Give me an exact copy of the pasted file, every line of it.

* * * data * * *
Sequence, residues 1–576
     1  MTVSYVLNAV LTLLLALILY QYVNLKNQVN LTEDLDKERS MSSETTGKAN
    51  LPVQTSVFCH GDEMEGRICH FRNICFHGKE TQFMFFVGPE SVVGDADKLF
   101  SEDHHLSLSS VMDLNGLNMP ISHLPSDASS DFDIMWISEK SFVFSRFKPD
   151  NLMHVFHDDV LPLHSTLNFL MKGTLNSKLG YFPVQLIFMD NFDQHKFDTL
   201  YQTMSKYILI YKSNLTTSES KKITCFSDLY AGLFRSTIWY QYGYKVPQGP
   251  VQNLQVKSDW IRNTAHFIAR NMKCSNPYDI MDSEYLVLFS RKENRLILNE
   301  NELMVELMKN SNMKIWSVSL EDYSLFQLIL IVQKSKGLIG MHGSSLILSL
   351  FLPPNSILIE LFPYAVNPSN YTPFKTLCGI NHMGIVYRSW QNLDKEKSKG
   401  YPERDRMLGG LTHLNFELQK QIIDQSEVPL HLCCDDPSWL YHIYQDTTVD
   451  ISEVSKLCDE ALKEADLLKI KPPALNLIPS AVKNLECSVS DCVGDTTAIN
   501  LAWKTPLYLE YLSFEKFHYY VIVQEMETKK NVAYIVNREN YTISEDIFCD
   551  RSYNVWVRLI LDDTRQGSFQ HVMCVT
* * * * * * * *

Sequence, residues 1–576
     1  MTVSYVLNAV LTLLLALILY QYVNLKNQVN LTEDLDKERS MSSETTGKAN
    51  LPVQTSVFCH GDEMEGRICH FRNICFHGKE TQFMFFVGPE SVVGDADKLF
   101  SEDHHLSLSS VMDLNGLNMP ISHLPSDASS DFDIMWISEK SFVFSRFKPD
   151  NLMHVFHDDV LPLHSTLNFL MKGTLNSKLG YFPVQLIFMD NFDQHKFDTL
   201  YQTMSKYILI YKSNLTTSES KKITCFSDLY AGLFRSTIWY QYGYKVPQGP
   251  VQNLQVKSDW IRNTAHFIAR NMKCSNPYDI MDSEYLVLFS RKENRLILNE
   301  NELMVELMKN SNMKIWSVSL EDYSLFQLIL IVQKSKGLIG MHGSSLILSL
   351  FLPPNSILIE LFPYAVNPSN YTPFKTLCGI NHMGIVYRSW QNLDKEKSKG
   401  YPERDRMLGG LTHLNFELQK QIIDQSEVPL HLCCDDPSWL YHIYQDTTVD
   451  ISEVSKLCDE ALKEADLLKI KPPALNLIPS AVKNLECSVS DCVGDTTAIN
   501  LAWKTPLYLE YLSFEKFHYY VIVQEMETKK NVAYIVNREN YTISEDIFCD
   551  RSYNVWVRLI LDDTRQGSFQ HVMCVT